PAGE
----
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Companies prosecuted after roof collapsed on worker

23 May 2013

Two West Midlands companies have been fined for safety failings after the six-tonne roof of a timber-framed classroom collapsed on a worker, leaving him seriously injured.

Stafford Magistrates’ Court heard yesterday that CMR Demolitions Ltd of Burslem, Stoke-on-Trent, and Thomas Vale Construction PLC of Stourport-on-Severn, Worcester, failed to put in place temporary support arrangements during the demolition of the timber-framed classrooms at the former Stoke-on-Trent Sixth Form College site at Fenton.

The injured man, who does not wish to be named, was knocked unconscious when he was struck by part of the roof when the building collapsed without warning. He suffered fractured ribs, a broken shoulder bone, a broken nose, several shattered teeth and swelling to his head.

Two other workers were caught under the collapsed building but managed to free themselves and were uninjured.

A Health and Safety Executive (HSE) investigation into the incident on 11 November 2011 found the extensive soft-stripping of the walls by sub-contractor CMR Demolitions Ltd had significantly reduced their load-bearing capacity. A combination of having no support in place to hold up the roof, and strong winds, resulted in the collapse.

CMR Demolitions Ltd did not obtain information on how the timber-framed classrooms had been originally constructed and did not seek the opinion of a structural engineer during the work.

The building had been left in a stripped state overnight but no check was made on the structure before workers entered it the next day. Rotting timbers within the base of the timber frame were not spotted and addressed. The classroom could have been mechanically pushed over without putting any staff at risk.

Principal contractor Thomas Vale Construction PLC failed to ensure that CMR Demolitions Ltd had provided a suitable and sufficient risk assessment for the soft strip and demolition work of the classroom. It also failed to manage and monitor this demolition activity of CMR Demolitions Ltd or ensure they had consulted a structural expert.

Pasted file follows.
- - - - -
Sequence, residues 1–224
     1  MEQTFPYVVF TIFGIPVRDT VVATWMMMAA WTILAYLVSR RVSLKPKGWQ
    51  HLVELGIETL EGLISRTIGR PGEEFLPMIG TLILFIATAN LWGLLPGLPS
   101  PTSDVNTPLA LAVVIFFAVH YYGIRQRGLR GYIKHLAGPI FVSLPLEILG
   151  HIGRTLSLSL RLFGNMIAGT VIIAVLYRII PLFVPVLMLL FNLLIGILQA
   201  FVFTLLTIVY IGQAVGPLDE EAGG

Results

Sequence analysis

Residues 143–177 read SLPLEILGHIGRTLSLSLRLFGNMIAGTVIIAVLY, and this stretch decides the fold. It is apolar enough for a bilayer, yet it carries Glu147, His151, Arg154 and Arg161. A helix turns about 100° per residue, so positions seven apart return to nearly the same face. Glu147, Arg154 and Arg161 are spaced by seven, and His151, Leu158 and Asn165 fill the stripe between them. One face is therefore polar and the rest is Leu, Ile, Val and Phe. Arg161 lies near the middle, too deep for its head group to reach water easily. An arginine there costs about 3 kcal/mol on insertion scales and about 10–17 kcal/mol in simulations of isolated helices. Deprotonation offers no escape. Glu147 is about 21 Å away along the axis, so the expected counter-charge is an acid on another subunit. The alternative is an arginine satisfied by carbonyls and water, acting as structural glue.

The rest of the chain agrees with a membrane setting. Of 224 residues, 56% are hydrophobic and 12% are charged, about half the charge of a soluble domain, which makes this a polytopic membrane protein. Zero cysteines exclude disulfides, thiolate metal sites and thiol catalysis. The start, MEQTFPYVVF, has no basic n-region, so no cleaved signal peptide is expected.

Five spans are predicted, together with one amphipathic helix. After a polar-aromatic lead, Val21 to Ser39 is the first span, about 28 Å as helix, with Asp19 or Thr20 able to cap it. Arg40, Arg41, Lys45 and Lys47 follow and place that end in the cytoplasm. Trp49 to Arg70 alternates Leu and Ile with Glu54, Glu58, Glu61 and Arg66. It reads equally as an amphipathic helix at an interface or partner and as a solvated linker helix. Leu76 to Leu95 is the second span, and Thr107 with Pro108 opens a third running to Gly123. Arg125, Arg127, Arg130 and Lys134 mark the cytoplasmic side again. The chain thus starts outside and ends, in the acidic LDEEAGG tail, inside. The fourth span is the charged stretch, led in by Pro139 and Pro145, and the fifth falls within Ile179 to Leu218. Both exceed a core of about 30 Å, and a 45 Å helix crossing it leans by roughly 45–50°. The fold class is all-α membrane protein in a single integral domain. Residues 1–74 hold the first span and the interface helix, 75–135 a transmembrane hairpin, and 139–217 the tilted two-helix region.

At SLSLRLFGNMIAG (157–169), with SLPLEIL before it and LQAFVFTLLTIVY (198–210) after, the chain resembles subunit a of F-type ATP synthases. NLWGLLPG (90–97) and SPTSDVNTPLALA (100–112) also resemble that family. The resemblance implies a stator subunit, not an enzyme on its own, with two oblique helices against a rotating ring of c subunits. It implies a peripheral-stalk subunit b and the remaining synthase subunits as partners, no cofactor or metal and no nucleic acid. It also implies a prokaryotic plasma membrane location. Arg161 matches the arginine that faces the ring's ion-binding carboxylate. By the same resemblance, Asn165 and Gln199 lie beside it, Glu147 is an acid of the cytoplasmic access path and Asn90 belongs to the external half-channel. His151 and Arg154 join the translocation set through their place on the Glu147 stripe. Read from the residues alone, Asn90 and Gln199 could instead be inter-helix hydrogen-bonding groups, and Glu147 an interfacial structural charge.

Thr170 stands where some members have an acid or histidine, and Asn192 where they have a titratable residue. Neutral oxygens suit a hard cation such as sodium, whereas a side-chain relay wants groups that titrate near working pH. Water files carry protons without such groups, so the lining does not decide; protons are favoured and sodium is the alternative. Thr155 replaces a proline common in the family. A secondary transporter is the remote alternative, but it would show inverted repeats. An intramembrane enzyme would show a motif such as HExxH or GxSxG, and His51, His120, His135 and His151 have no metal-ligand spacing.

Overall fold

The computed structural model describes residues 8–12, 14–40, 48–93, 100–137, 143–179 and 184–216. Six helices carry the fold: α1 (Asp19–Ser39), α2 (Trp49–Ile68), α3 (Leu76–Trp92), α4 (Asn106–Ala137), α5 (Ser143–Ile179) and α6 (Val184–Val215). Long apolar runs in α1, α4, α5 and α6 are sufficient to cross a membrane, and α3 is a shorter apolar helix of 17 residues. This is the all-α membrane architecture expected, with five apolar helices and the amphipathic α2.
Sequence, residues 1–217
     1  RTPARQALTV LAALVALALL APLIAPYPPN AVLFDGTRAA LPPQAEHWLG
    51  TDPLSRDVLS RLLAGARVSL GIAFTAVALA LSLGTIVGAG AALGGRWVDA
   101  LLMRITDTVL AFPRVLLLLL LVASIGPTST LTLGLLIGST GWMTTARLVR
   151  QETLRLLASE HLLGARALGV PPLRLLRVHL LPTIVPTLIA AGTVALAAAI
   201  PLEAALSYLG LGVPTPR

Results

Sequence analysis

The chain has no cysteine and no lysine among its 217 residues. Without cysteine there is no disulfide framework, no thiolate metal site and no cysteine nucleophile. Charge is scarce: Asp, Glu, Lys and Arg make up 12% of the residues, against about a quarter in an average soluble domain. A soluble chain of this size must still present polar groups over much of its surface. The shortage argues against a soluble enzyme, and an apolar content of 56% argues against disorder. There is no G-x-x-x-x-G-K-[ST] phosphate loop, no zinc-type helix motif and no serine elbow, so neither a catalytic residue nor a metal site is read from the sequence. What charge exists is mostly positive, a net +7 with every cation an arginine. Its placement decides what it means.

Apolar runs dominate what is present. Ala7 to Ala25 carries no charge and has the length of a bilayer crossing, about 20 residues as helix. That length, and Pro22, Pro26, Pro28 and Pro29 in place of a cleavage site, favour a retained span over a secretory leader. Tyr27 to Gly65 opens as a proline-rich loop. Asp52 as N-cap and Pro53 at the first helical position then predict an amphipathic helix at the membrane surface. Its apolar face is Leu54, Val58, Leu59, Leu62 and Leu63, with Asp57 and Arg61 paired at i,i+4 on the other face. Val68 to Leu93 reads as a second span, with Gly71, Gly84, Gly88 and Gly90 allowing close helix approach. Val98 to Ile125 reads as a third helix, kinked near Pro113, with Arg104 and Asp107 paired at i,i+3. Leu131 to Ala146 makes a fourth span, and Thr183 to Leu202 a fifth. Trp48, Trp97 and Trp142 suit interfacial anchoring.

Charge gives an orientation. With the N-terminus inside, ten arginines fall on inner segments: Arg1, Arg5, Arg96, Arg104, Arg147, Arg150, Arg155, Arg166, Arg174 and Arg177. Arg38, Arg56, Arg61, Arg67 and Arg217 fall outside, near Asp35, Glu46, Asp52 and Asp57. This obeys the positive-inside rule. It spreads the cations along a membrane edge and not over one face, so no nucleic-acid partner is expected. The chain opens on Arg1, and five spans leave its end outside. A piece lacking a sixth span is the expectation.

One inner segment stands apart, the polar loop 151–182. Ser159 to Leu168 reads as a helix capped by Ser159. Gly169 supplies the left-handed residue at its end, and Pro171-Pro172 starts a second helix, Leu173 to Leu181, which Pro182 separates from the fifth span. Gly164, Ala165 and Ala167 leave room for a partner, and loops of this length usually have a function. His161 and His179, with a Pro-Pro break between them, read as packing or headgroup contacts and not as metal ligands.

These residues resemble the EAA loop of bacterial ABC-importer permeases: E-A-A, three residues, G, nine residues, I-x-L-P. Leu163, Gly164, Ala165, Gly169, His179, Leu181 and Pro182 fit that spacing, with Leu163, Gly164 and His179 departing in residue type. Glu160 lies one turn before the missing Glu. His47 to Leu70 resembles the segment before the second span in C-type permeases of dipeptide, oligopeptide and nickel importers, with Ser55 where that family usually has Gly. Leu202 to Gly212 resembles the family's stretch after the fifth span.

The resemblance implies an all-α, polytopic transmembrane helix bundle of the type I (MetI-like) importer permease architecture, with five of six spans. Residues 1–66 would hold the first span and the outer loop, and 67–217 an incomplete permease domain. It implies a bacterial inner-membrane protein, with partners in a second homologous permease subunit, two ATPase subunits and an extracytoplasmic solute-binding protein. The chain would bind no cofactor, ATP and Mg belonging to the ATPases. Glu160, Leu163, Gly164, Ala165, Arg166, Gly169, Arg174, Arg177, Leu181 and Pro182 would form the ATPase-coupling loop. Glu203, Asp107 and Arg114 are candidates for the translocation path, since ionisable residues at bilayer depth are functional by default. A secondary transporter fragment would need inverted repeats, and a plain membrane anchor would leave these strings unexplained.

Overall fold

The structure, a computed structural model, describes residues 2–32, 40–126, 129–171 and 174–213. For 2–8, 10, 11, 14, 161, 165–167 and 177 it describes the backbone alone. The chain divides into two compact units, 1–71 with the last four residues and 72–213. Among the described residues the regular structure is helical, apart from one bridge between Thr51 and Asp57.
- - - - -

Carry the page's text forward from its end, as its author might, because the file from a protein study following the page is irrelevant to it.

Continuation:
Thomas Vale Construction PLC failed to require a less dangerous approach to the demolition work.

CMR Demolitions Ltd was fined a total of £9,900 and ordered to pay £6,117 in costs after pleading guilty to breaching both the Construction (Design and Management) Regulations 2007 and the Management of Health and Safety at Work Regulations 1999.

Thomas Vale Construction PLC pleaded guilty to a single breach of the Construction (Design and Management) Regulations 2007 and was fined £6,600 with £6,117 in costs.

Speaking after the hearing, HSE inspector Andrew Bowker said:

"CMR Demolitions Ltd made serious errors and the collapse occurred through a lack of planning and understanding of the structural stability of the classrooms.

"The company allowed their staff to work in extremely dangerous conditions. Had they employed a structural engineer this incident could have been avoided.

"As a result of these failures, a worker was seriously injured. The implications of a six-tonne, timber-framed roof collapsing onto people are obvious to all and this incident could easily have resulted in multiple fatalities.

"Thomas Vale Construction PLC failed to plan, manage and monitor the demolition work on the classrooms so it was carried out without risks to health or safety.

"The firm did not sufficiently challenge CMR Demolitions Ltd on their classroom work methods and were complicit in the method of work that took place."

For more information about the Health and Safety Executive’s work with the construction industry, go to

Notes to editors

  1. The Health and Safety Executive is Britain’s national regulator for workplace health and safety. It aims to reduce death, injury and ill health. It does so through research, information and advice, promoting training, new or revised regulations and codes of practice, and working with local authority partners by inspection, investigation and enforcement.
  2. Regulation 3(1) of the Management of Health and Safety at Work Regulations 1999 states: "Every employer shall make a suitable and sufficient assessment of (a) the risks to the health and safety of his employees to which they are exposed whilst they are at work; and (b) the risks to the health and safety of persons not in his employment arising out of or in connection with the conduct by him of his undertaking.
  3. The full text for Regulation 22(1) of the Construction (Design and Management) Regulations 2007 can be found at
  4. Regulation 28(1) of the Construction (Design and Management) Regulations 2007 states all practicable steps shall be taken, where necessary to prevent danger to any person, to ensure that any new or existing structure or any part of such structure which may become unstable or in a temporary state of weakness or instability due to the carrying out of construction work, does not collapse."

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